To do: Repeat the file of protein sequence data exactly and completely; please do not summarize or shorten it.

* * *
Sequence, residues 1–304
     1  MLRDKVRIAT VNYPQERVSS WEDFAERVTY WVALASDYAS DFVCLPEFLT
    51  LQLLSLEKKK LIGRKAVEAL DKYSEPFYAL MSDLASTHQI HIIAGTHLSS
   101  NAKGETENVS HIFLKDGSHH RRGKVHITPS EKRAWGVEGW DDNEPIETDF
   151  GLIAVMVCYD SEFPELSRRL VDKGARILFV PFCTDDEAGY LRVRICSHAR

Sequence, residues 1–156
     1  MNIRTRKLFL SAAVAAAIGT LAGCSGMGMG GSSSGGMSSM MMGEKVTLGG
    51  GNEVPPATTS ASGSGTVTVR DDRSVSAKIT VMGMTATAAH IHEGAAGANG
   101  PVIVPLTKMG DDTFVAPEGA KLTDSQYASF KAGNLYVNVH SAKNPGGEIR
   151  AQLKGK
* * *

Sequence, residues 1–304
     1  MLRDKVRIAT VNYPQERVSS WEDFAERVTY WVALASDYAS DFVCLPEFLT
    51  LQLLSLEKKK LIGRKAVEAL DKYSEPFYAL MSDLASTHQI HIIAGTHLSS
   101  NAKGETENVS HIFLKDGSHH RRGKVHITPS EKRAWGVEGW DDNEPIETDF
   151  GLIAVMVCYD SEFPELSRRL VDKGARILFV PFCTDDEAGY LRVRICSHAR

Sequence, residues 1–156
     1  MNIRTRKLFL SAAVAAAIGT LAGCSGMGMG GSSSGGMSSM MMGEKVTLGG
    51  GNEVPPATTS ASGSGTVTVR DDRSVSAKIT VMGMTATAAH IHEGAAGANG
   101  PVIVPLTKMG DDTFVAPEGA KLTDSQYASF KAGNLYVNVH SAKNPGGEIR
   151  AQLKGK